CHEMIN DES PAPES Not Confusable with CHATEAUNEUF-DU-PAPE CONTROLE for Wine, Says TTAB

Posted by on Jun 30, 2013 in The Womp Womp Word | 0 comments

In the case of Syndicat Des Proprietaires Viticulteurs De Chateauneuf-Du-Pape v. Pasquier DesVignes, the TTAB determined there to be no likelihood of confusion between the opposer’s registered mark CHATEAUNEUF-DU-PAPE CONTROLE for “wines” and the applicant’s mark CHEMIN DES PAPES for “wines, sparkling wines.”   The Board noted that although there are similarities in the goods, trade channels, and classes of consumers, the first du Pont factor simply outweighed the other factors.   

Though the Board dismissed the opposition with respect to “wines, sparkling wines,” it nonetheless granted the opposition with respect to “distilled spirits and wines.”  In this precedential decision, the Board cited to the case of The Wet Seal, Inc. v. FD Management for the reasoning that “an application will not be deemed void for lack of a bona fide intention to use absent proof of fraud, or proof of a lack of bona fide intention to use the mark on all of the goods identified in the application, not just some of them.”  In following such reasoning, rather than declaring the application void in its entirety, the Board ordered for the goods the applicant conceded to lacking a bona fide intent to use the mark on be stricken from the application.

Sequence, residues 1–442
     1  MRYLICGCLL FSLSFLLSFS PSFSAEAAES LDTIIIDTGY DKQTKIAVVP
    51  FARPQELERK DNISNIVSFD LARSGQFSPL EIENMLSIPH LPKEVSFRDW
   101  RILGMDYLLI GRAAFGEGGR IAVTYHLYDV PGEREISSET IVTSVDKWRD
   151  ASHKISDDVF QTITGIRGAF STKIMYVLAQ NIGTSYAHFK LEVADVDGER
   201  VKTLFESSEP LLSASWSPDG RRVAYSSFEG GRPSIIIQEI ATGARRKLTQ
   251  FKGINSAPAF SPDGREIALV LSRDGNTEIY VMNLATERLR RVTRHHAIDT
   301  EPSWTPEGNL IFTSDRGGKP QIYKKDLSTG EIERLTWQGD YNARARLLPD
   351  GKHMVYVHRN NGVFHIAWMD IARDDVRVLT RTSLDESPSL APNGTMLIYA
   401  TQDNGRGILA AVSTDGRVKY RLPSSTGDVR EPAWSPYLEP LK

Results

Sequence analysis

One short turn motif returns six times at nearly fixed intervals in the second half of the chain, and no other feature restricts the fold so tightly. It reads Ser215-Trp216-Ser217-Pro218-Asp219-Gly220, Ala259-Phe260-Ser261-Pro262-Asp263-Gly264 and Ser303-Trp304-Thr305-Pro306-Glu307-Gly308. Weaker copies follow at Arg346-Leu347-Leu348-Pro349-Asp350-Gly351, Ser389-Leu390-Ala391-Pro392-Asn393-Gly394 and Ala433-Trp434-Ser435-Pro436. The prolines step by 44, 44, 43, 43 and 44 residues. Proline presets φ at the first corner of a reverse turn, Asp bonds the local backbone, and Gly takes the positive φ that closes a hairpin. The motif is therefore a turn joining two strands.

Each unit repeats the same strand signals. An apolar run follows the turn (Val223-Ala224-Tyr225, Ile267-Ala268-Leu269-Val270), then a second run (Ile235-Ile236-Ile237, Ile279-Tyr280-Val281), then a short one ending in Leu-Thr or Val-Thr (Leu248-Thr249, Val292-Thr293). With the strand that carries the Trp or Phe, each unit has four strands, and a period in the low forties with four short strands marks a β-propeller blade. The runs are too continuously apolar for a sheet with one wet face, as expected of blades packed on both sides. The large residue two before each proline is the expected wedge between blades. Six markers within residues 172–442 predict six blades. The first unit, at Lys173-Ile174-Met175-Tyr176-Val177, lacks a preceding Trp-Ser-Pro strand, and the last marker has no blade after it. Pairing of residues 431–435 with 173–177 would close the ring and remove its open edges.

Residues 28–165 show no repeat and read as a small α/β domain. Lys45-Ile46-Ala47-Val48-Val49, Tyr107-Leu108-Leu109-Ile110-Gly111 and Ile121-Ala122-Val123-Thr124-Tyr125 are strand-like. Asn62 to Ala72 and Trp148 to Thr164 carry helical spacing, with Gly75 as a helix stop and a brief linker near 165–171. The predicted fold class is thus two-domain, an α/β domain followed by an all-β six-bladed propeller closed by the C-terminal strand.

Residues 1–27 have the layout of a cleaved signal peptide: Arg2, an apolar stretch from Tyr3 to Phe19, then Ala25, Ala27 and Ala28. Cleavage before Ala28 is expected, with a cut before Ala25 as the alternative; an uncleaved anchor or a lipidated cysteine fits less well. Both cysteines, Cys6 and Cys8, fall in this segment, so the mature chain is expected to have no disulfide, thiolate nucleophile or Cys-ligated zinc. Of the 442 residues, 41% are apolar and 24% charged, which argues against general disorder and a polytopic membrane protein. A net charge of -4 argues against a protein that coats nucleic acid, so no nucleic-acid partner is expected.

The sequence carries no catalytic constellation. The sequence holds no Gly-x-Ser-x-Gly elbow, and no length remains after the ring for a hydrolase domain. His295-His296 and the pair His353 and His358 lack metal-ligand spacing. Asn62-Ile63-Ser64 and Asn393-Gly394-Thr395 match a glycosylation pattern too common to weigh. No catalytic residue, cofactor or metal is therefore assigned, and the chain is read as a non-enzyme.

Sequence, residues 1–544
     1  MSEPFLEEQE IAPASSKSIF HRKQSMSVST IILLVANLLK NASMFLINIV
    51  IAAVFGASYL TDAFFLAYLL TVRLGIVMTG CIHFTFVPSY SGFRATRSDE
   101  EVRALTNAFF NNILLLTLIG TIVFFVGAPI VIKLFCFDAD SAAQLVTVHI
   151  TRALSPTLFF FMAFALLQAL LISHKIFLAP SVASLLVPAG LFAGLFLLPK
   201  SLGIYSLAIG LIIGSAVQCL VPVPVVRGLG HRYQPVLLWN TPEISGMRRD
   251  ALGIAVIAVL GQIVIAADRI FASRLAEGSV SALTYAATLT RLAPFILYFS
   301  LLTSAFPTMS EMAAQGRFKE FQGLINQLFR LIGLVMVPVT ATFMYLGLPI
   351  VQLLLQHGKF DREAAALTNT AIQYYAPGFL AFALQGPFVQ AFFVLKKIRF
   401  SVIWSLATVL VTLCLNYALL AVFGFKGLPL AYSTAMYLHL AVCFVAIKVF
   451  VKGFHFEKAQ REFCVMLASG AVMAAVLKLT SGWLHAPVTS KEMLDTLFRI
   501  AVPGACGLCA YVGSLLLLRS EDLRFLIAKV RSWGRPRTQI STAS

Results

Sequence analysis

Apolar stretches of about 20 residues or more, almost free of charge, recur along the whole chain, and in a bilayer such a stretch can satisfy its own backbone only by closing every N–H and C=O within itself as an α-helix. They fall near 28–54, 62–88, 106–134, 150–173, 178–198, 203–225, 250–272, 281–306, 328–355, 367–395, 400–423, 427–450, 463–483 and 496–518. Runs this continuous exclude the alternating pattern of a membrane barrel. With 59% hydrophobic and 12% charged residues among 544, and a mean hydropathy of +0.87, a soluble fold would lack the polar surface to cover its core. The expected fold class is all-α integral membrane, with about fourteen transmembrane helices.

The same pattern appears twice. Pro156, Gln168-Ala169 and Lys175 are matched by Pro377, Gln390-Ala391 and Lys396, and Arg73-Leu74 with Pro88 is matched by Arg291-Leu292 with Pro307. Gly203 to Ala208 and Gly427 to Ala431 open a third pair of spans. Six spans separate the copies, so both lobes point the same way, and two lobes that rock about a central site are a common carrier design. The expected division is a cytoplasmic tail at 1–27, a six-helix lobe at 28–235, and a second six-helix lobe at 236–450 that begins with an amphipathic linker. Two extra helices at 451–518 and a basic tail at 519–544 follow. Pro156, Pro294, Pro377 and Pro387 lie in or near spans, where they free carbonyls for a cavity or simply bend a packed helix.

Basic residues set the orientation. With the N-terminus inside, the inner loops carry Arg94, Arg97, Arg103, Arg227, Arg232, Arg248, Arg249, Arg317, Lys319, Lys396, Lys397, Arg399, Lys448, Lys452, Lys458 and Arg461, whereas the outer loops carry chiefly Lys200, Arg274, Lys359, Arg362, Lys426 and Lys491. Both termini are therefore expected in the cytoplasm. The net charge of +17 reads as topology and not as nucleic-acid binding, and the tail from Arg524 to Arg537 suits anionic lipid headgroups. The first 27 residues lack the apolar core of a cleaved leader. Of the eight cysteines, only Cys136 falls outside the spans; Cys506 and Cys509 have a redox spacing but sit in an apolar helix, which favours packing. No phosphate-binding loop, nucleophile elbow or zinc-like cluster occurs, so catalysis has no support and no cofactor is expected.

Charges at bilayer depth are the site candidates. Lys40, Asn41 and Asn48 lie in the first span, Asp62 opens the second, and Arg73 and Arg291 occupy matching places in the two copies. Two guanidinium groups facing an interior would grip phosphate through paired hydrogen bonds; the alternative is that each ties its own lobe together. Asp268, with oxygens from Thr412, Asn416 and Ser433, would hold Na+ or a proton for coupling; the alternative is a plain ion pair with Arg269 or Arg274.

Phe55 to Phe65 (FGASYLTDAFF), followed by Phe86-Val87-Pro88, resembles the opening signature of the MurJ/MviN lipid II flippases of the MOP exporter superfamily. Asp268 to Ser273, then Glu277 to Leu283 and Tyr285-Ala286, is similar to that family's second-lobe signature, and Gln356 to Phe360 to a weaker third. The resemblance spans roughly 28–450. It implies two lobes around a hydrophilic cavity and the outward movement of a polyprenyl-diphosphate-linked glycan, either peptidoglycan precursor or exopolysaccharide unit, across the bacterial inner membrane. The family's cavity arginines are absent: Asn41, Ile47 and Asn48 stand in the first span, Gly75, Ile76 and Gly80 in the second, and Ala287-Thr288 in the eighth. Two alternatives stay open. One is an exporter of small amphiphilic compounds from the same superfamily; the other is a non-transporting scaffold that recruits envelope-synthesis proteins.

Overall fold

This decision essentially puts an end to the question of remedies left open in the case of Wet Seal, and the subsequently conflicting decision of Spirits International, B.V. v. S.S. Taris Zeytin Ve Zeytinyagi Tarim Satis Kooperatifleri Birligi.  In the case of Wet Seal, the Board stated, “we will decide this issue in terms of whether the items, if any, for which opposer has shown applicant’s lack of bona fide intention to use the mark should be deleted from the application.”  However, the opposer failed to prove a lack of bona fide intent, thus resulting in a dismissal of the opposition, and leaving the issue of remedies up in the air.  The Board again examined the issue of bona fide intention to use in the 2011 case of Spirits where it discussed the issue stating, “to the extent that opposer is successful in proving likelihood of confusion or lack of a bona fide intention to use the mark with respect to any of the goods in each class…opposition against the classes in their entirety would be sustained.”